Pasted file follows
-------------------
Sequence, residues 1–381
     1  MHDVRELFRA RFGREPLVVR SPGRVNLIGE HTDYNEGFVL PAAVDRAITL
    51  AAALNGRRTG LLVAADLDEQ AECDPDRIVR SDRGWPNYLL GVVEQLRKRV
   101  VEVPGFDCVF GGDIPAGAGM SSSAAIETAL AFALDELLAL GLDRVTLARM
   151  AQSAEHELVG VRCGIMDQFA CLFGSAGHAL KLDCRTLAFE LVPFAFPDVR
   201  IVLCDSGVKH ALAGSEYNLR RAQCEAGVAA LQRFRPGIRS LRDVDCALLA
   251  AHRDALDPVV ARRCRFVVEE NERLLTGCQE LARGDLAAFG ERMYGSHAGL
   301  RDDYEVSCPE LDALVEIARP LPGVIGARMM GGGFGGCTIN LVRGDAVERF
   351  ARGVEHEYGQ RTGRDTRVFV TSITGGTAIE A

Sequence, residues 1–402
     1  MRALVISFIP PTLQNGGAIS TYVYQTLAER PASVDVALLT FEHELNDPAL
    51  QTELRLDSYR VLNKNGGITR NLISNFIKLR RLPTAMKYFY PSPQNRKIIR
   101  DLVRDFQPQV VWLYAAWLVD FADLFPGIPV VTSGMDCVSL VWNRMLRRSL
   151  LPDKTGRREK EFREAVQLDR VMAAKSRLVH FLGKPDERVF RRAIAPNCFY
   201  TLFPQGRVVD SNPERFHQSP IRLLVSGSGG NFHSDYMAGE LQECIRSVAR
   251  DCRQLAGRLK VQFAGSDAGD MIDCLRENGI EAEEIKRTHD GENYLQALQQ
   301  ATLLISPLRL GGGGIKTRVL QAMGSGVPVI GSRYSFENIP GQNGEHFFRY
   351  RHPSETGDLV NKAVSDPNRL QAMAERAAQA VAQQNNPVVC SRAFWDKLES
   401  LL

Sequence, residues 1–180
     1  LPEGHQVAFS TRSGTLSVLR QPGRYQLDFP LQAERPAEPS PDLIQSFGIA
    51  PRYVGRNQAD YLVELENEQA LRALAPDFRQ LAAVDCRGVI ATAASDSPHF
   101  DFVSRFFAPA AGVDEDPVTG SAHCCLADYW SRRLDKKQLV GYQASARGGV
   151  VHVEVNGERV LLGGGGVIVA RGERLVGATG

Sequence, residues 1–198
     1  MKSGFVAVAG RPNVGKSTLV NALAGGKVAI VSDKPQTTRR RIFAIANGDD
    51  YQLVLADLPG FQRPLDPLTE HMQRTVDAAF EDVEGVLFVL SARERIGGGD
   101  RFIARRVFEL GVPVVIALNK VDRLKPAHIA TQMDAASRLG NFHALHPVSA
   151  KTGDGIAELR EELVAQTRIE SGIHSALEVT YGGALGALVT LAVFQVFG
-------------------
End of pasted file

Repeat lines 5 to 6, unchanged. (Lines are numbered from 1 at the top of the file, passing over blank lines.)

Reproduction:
   151  AQSAEHELVG VRCGIMDQFA CLFGSAGHAL KLDCRTLAFE LVPFAFPDVR
   201  IVLCDSGVKH ALAGSEYNLR RAQCEAGVAA LQRFRPGIRS LRDVDCALLA